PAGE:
It all starts w/check-in. That’s the beginning of any air travel, right? But wait! For us, it began with ice all over the car. A LOT of ice. And an AWOL ice scraper. We should have known it was a portent…
And there was fog. But that’s not unusual in Blacksburg. It’s in the mountains, and often there’s lovely, luminous fog in the morning. I never thought farther than ‘how pretty!’ Like my grandmother used to tell me: pretty is NOT enough.
Next a drive through the fog to the airport, in nearby Roanoke. After we arrived at the airport, and I said farewell to my wonderful elder son, and the two weeks I’d just spent w/ my lovely daughter-in-law and amazing grandson, I was at check-in. Nothing different, just a long line. I’ve been standing in check-in lines since I was 8 years old.
Then a hike through TSA, and a short walk to one of the airport’s four gates. Did I mention it’s a small airport? That’s when the fun began. No flights had landed. Not all morning. This is not a good sign… Fog socks in the airport, situated as it is in the New River Valley. And the waiting commenced…
Through most of Tuesday, I checked delay updates, listened for good news (spoiler: there wasn’t any), and made friends with my fellow travelers. There’s a warm camaraderie among folks stranded at an airport. Folks watch your bags (you really can’t go an entire day w/out making friends!). They share stories. After all, we’re all on our way home for Thanksgiving, right?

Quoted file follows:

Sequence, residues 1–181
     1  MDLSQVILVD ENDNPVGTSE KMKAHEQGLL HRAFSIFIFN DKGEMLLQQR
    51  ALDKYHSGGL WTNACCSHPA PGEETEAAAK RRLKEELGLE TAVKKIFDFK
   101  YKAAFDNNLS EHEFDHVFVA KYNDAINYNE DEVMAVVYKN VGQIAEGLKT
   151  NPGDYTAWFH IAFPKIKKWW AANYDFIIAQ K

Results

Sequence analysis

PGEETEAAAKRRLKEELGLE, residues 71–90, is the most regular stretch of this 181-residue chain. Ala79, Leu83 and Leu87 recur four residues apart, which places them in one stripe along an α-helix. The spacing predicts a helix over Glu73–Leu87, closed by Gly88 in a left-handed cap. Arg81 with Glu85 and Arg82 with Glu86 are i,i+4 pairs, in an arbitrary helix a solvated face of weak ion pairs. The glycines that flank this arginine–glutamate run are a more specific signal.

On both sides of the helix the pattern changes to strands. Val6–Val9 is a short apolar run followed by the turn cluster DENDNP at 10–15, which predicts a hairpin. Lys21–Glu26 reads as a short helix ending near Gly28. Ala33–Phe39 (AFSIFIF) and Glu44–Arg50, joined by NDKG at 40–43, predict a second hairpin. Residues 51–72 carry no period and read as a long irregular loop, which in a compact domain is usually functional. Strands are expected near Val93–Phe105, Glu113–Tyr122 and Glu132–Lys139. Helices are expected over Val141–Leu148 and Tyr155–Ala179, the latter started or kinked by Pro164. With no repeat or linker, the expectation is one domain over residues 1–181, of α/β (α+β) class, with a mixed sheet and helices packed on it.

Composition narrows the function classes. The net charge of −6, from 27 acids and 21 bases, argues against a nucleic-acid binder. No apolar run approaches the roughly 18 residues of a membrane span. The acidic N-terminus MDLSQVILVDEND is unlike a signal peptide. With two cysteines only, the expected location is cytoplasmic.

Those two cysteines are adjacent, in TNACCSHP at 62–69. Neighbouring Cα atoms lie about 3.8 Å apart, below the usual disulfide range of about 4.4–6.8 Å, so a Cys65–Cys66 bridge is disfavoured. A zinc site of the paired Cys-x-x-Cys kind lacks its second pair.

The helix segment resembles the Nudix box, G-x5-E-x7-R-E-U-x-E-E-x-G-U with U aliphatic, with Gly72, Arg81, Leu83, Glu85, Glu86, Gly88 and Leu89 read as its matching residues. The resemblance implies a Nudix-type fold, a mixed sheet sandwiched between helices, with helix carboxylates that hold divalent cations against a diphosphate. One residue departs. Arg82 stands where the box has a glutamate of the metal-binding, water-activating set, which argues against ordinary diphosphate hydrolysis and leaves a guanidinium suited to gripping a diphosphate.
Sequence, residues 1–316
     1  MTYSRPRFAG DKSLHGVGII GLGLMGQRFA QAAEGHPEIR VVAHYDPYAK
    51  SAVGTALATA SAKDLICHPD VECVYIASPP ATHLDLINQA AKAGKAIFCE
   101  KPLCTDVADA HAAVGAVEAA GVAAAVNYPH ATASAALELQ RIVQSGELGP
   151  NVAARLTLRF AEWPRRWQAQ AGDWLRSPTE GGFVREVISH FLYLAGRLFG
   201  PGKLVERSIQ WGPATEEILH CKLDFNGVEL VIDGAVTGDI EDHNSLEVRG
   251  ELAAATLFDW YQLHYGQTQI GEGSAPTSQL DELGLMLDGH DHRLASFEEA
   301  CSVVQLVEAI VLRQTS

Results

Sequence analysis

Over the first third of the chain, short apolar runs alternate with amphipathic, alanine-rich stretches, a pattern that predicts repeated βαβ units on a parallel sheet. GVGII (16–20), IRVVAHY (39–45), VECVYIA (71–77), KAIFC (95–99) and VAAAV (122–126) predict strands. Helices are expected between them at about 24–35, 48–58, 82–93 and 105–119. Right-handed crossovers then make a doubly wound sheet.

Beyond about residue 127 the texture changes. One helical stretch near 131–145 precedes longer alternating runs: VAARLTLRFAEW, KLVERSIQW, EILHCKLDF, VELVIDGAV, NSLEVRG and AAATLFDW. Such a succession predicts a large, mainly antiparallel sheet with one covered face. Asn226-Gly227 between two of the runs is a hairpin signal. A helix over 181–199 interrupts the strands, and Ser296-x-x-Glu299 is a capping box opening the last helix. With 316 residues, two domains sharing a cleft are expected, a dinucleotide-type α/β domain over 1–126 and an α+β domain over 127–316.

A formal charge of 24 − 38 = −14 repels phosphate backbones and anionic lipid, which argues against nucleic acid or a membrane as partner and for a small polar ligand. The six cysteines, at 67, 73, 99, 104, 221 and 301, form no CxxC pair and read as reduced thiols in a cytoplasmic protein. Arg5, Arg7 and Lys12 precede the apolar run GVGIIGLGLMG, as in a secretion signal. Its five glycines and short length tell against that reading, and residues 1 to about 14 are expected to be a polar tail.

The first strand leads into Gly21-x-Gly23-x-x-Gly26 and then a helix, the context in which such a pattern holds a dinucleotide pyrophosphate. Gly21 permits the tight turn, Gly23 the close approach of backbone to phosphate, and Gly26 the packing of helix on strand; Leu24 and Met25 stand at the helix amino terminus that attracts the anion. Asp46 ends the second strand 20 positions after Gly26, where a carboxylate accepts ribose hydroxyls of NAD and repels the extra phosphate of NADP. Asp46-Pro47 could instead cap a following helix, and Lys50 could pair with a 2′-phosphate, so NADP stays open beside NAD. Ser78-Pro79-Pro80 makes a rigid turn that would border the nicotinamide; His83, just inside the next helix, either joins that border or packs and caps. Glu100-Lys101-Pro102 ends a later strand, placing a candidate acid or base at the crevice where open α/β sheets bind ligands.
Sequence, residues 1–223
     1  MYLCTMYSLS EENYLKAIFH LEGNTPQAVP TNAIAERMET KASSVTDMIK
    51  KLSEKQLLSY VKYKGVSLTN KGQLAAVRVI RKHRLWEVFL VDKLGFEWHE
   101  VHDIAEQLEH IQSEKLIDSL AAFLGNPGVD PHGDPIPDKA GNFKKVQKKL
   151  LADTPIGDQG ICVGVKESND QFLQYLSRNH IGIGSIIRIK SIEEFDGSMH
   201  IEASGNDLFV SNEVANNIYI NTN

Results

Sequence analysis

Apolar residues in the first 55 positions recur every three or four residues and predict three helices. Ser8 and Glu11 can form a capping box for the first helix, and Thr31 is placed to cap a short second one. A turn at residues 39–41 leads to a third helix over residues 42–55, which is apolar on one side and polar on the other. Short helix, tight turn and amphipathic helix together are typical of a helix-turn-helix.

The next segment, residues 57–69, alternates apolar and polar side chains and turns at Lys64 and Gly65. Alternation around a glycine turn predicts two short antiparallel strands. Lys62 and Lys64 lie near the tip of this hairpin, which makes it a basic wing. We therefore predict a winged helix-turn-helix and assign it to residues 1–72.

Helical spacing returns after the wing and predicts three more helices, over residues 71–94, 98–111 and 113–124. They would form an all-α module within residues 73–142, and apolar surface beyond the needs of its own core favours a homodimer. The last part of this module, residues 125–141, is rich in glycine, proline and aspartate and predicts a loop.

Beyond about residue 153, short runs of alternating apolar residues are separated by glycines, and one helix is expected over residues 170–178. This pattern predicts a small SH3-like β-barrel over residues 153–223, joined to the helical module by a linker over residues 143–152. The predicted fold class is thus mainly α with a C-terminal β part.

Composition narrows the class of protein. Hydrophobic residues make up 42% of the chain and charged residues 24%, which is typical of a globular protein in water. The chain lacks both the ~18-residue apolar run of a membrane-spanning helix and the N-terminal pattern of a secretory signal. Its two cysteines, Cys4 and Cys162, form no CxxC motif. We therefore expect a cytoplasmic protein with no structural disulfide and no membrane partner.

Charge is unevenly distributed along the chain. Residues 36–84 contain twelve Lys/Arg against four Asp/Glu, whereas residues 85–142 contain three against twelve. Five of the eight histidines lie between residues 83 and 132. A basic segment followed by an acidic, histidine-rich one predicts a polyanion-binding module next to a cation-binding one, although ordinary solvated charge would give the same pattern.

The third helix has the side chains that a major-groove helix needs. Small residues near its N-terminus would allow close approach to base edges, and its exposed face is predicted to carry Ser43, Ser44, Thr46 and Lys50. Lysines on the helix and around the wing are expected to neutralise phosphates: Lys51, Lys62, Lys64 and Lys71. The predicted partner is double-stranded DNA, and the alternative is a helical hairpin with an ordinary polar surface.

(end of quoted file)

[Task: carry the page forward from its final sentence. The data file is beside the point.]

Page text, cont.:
Airport and airline personnel were great. Snacks appeared, bottles of water, and professional courtesy carried the day. And a long day it was.
Still, I made friends w/ pilot guy, who kept us all informed about visibility ceilings, and landing approaches, while his wife Rosalie told me about their grandchildren (the age of my sons), and their Thanksgiving plans. The nice Red Cross worker who decided to drive to Greensboro offered me a seat, as she knew I had a boatload of family coming to feast on Thanksgiving.
But by Tuesday afternoon, when I should have been deplaning in Tulsa, I was walking through freezing rain to the shuttle back to Blacksburg. A shuttle I missed… And Tuesday evening, when I should have been rolling out pie crusts for Thanksgiving pie, I was tucked into bed, back at my son & DIL’s, by 8 p.m. OUT by 8:30. Hoping I’d get out the next morning, to make it back to Tulsa in time to cook turkey for 12.
To make a long story short? I did. And home has rarely looked better. Dorothy was right: there’s no place like home. Especially when you’re giving thanks.
~ to be continued ~